WEC 47: After the Dust Settles

Joe Schafer@joeschafer84Correspondent IMarch 10, 2010

The WEC brought its stable of fighters to Columbus, Ohio on Saturday to perform in the promotion’s first event held in the Buckeye state. Perform they did, as only one out of the five main card fights went to decision (LC Davis scored a majority decision over Deividas Taurosevicius).

The organization has become increasingly dependable when it comes to putting together a solid card, with most fighters willing to finish fights. In all, WEC 47 failed to disappoint the people watching from home, and the Nationwide Arena patrons who lined the venue gave cheers of appreciation.

Surprisingly, big names were big letdowns. Jens “Lil Evil” Pulver’s emotional farewell was spurred on by his fifth consecutive loss. Miguel Angel Torres suffered his second consecutive loss, third career loss, in what will surely have people wondering how he went 37-1 before his last two fights.

Bantamweight champion Brian Bowles, the man who uncrowned Torres, ended his night after the second round due to a hand injury, making opponent Dominic Cruz the new 135lb king.

Overall, it was an action packed night of fights, creating momentum for WEC 48: Faber vs. Aldo—the pay-per-view premiere for the UFC’s underling organization.

Finally, the time has come for proper compensation for these athletes, who pour it on during each and every show. Fights get finished with extraordinary effort, all for peanuts. One can only hope, with the WEC making its transition to pay-per-view, there will be plenty of pie leftover after a Faber paycheck for the rest of the roster to eat well on.

Now onto the interesting bits, my little starving baby birds….


Bart Palaszewski

Winning submission of the night is a tiresome task when the rest of the cast are delivering just as impressive armbars and/or chokes in every other fight on the card. So, Palaszewski fell short of the honor, but to be fair he did put Karen Darabedyan into a finely executed armbar off his back while taking face-fulls of ground-and-pound punishment.

The 26-year-old submitted the young Darabedyan, who was coming off a split decision victory over “Razor” Rob McCullough, towards the end of first round after getting off to a slow start—a solid victory for a very experienced fighter sporting over 45 professional fights.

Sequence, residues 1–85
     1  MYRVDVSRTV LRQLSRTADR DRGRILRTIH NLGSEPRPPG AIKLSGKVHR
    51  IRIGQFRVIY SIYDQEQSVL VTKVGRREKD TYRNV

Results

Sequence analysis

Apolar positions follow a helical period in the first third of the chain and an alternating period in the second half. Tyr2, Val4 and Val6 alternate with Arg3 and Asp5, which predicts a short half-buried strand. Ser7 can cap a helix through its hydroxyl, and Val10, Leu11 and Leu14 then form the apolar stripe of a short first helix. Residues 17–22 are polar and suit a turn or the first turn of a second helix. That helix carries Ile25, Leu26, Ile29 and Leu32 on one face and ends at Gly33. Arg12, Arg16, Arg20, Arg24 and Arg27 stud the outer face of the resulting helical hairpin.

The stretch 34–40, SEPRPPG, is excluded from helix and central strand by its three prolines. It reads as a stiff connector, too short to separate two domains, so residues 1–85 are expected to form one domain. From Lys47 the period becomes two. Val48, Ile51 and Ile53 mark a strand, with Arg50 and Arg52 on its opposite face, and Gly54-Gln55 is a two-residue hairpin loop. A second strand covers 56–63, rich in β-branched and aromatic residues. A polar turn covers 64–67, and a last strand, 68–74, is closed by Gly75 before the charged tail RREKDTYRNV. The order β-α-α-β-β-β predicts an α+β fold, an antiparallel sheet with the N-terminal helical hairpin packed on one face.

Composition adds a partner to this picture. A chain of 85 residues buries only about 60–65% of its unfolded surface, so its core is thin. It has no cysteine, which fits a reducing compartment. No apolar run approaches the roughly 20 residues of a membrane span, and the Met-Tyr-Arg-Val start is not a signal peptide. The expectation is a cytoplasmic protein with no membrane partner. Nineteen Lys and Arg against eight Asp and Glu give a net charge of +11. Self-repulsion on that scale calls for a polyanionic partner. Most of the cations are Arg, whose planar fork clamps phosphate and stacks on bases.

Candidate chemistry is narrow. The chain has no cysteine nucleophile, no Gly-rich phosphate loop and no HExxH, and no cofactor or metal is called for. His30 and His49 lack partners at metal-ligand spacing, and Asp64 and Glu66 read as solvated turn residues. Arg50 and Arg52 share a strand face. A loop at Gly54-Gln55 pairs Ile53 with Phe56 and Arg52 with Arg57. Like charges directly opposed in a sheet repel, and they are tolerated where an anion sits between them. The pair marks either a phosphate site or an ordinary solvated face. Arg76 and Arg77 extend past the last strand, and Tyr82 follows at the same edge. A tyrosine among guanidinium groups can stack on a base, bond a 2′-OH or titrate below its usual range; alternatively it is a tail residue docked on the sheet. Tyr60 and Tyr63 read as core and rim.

Verdict: Let’s give Palaszewski comeback of the night, or most international fight of the night. Maybe not. Let’s give him someone like Leonard Garcia or George Loop, both fighters fought to a draw on the same card.  


Scott Jorgensen

Despite being on the occasionally unreported undercard, Jorgensen made quick work of Chad George in such a dominant and impressive fashion that he deserves a nod.

There was only a 30 second interval between the beginning of the bout and the closing bell. Before I could decide whose dyed hair-do I liked better, Jorgensen had already stuffed George’s shot and locked in a solid choke from the sprawl position.

This victory marks the Idaho native’s third win in a row, and also his serious stature in the division. A contention fight should be on the horizon. 

Verdict: Let’s give him Joseph Benavidez or, more realistically, Brian Bowles. Benavidez might already be looking at a shot for the title, and Bowles will need a buffer bout before his next crack at the strap. 


Jens Pulver

As a respected statesman of the sport, and a likeable character, someone would have to go out of their way to dislike Pulver. He is a hard fighter to not root for whenever he steps in the cage.

Unfortunately for his record, the sport has not reciprocated that love. The former UFC lightweight champion carried a four fight losing streak on his shoulders going into his bout with Javier Vazquez.  

However, “Lil Evil” appeared to be in good spirits leading up to the fight, looking to make one more solid run for redemption’s sake. Not everything always goes as planned. It was an attempt nipped in the bud thanks to Vazquez’s superior ground skills.  

Pulver’s leg kicks were slow enough for Javier to catch—an easy opportunity for the Brazilian Jiu Jitsu expert to get the fight on the ground. Pulver’s fortunes did not improve from the canvas; Vazquez smothered him with quick transitions and peppering shots.

Once the opportunity for an armbar presented itself, the Cuban-American latched on and cranked back until Jens was forced to tap.  

After the official announcement was made, déjà-vu set in for all the viewers—a heartbroken Pulver apologizing to his fans while hinting towards retirement.